RBI task force calls for central corporate loan contract registry

Reserve Bank of India

The Reserve Bank-constituted task-force on developing a vibrant secondary market for corporate loans has called for setting up a central loan contract registry to remove information asymmetries between buyers and sellers.

The six-member task force, headed by Canara Bank chairman TN Manoharan, was formed to examine the scope for developing a secondary market for corporate loans and make recommendations to facilitate rapid development of such a vibrant market.

The task force submitted the report to governor Shaktikanta Das Tuesday.

The task force has called for "creating a loan contract registry to remove information asymmetries between buyers and sellers, its ownership structure and related protocols such as standardization of loan information, independent validation and data access".

It also suggests creation of a self-regulatory body of the participants that can finalise detailed operational modalities of such a secondary market, including standardization of the documentation process.

The report also recommends setting up of an online loan sales platform to conduct auctions/sale process of secondary market loans.

It further calls for virtual information sharing with various repositories to facilitate transactions and development of a suitable/appropriate menu of benchmark rates to be commissioned by the self-regulatory body along with Financial Benchmarks India Pvt Ltd.

Other recommendations include amending the provision of clarifications with respect to securitization, asset reconstruction, foreign portfolio investors and ECBs.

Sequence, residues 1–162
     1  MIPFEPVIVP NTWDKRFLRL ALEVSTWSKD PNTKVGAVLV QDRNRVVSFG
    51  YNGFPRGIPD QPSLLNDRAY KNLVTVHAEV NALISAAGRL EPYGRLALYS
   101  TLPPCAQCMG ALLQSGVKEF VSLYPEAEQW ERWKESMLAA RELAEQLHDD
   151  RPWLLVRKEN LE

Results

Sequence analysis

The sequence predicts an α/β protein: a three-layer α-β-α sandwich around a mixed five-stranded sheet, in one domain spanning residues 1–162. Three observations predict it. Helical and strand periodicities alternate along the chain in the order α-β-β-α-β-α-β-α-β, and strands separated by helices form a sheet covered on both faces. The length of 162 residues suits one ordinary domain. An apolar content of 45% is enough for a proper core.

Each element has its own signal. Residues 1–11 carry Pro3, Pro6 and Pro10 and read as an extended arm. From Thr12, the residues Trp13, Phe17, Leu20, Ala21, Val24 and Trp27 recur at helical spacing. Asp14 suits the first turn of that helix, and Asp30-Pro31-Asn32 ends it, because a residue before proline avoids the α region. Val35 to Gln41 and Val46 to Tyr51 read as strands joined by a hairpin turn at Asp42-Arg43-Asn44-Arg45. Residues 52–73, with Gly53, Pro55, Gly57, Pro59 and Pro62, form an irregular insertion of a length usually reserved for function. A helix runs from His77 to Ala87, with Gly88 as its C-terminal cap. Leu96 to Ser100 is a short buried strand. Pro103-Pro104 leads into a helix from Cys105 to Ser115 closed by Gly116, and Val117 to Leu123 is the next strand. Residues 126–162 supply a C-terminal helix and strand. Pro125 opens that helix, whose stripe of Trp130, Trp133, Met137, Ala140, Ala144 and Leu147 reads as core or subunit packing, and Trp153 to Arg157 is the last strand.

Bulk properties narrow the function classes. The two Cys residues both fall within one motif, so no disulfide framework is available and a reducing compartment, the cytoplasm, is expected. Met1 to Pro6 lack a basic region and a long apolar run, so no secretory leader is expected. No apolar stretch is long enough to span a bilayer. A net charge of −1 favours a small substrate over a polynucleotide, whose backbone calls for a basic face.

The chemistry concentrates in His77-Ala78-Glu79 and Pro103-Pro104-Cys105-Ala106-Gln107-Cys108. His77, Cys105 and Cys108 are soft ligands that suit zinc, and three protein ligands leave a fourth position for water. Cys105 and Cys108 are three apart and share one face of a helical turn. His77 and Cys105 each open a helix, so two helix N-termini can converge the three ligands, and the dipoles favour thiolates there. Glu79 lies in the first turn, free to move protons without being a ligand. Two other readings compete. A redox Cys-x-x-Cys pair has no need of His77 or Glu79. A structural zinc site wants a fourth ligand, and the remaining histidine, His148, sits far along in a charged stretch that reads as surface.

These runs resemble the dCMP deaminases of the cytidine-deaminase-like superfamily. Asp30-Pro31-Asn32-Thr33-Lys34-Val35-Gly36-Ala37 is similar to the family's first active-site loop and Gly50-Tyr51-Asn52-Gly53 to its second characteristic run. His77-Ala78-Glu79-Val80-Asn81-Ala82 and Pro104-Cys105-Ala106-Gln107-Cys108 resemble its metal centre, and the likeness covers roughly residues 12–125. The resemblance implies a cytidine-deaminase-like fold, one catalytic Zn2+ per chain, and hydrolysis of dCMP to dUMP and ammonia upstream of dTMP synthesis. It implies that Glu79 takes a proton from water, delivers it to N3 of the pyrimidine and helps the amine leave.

Amending the Sebi, Irdai and Pfrda regulations can broad-base the market with effective participation of non- banking entities such as mutual funds, insurance firms and pension funds, it says.

The task force also notes that the secondary market for loans has not evolved to the scale of its potential because absence of a systematic loan sales platform, lack of standardization in documentation and legal factors.

An active secondary loan market can deliver significant benefits to banks, borrowers and other market participants. For banks, benefits include capital optimization, better liquidity and risk management. This will in turn lead to additional credit creation in the economy.

For borrowers, the main benefits will inter alia cheaper and easier funds.

A developed secondary loan market will also enable enhanced return opportunities for smaller banks, NBFCs, insurers, pension funds and hedge funds, says the report.

Dear Reader,

Business Standard has always strived hard to provide up-to-date information and commentary on developments that are of interest to you and have wider political and economic implications for the country and the world. Your encouragement and constant feedback on how to improve our offering have only made our resolve and commitment to these ideals stronger. Even during these difficult times arising out of Covid-19, we continue to remain committed to keeping you informed and updated with credible news, authoritative views and incisive commentary on topical issues of relevance.

We, however, have a request.

As we battle the economic impact of the pandemic, we need your support even more, so that we can continue to offer you more quality content. Our subscription model has seen an encouraging response from many of you, who have subscribed to our online content. More subscription to our online content can only help us achieve the goals of offering you even better and more relevant content. We believe in free, fair and credible journalism. Your support through more subscriptions can help us practise the journalism to which we are committed.

Support quality journalism and subscribe to Business Standard.

Digital Editor

Business Standard is now on Telegram.
For insightful reports and views on business, markets, politics and other issues, subscribe to our official Telegram channel